In the mix of Singaporean food options, from South Indian through Malay and on to Indonesian, Japanese, and Italian, and a host of other variations, there is unusual thread. The quality of several popular dishes pivot with the sauce or gravy. If one thinks of Chili and Pepper Crab, the key is the sauce. When is comes to Indian curries, quality is often found in the gravy. Even the various noodle dishes pivot on the sauce, gravy, or soup they come in. Singaporeans love their food. Nothing good goes to waste. As a result is that some form of bread is available to help gather and consume the extra sauce that comes with the dish.
As I watch my tablemates reveling in their food, the importance of the bread vehicle is clear. The bread must gather and soak up the gravy! It must be help transport the sauce from the dish to one’s mouth. It should complement but never overwhelm the gravy itself. While it is critical, it is not the focal point of the meal.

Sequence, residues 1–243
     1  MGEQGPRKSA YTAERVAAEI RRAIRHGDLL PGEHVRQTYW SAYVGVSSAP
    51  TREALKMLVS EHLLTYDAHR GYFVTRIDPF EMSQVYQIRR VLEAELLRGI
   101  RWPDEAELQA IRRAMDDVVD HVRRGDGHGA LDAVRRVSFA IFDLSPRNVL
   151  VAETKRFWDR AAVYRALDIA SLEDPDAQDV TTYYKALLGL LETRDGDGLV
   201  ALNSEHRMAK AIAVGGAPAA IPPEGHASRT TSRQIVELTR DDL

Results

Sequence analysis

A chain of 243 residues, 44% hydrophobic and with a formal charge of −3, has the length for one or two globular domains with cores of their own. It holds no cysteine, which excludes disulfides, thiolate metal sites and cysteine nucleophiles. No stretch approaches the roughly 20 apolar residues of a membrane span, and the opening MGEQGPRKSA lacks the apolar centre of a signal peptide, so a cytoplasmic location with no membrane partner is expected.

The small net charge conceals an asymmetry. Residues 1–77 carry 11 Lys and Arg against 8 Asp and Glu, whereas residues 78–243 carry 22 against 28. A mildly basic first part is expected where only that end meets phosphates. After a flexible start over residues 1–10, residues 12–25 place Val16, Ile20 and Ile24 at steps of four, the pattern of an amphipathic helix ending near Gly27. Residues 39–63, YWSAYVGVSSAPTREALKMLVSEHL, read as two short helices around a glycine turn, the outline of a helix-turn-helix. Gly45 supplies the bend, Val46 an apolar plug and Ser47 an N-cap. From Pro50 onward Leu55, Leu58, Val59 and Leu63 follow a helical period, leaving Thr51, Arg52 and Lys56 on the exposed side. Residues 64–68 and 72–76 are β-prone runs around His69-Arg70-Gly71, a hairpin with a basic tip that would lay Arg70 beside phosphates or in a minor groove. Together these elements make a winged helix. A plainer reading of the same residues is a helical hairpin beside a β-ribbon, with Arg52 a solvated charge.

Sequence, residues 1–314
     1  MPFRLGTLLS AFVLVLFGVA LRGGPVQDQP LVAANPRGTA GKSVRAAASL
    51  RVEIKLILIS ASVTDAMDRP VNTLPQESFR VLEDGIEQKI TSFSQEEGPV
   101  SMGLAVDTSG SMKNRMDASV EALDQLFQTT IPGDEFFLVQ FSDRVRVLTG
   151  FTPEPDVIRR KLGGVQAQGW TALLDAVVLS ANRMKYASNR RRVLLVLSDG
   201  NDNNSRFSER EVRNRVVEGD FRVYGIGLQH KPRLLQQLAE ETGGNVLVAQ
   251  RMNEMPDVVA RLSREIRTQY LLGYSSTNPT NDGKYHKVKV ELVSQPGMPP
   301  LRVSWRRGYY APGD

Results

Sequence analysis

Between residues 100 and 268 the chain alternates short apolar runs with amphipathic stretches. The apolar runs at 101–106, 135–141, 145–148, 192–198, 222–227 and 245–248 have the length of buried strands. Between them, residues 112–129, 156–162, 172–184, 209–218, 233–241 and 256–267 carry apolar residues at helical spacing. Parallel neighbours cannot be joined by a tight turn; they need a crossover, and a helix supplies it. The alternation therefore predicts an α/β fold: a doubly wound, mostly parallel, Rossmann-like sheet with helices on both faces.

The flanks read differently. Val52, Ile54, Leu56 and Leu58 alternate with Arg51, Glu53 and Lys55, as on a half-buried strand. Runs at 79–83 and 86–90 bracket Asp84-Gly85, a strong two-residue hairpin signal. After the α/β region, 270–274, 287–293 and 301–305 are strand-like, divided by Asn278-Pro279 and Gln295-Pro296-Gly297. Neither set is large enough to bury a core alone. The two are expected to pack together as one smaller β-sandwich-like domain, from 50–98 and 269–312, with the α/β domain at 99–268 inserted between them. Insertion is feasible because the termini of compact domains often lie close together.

The break used for seafood is small white flour based buns. They are bland and boring, but they serve a critical purpose! Indian breads, white or dark, have very little flavor on a standalone basis. Nans are a great example. White flour, no oil, and crisp. The point is what they go with, not by themselves.
An old story had an illustration related to food. It seems to echo the Singaporean food experience. “The Messiah, our Passover Lamb, has already been sacrificed for the Passover meal, and we are the Unraised Bread part of the Feast. So let’s live out our part in the Feast, not as raised bread swollen with the yeast of evil, but as flat bread—simple, genuine, unpretentious.” (1 Corinthians 5.8)
I had struggled with getting a sense of how the illustration played itself out in a day. Last night’s dinner gave me a new way to understand the picture. I love bread. It can on occasion stand alone, yet it is best with great food.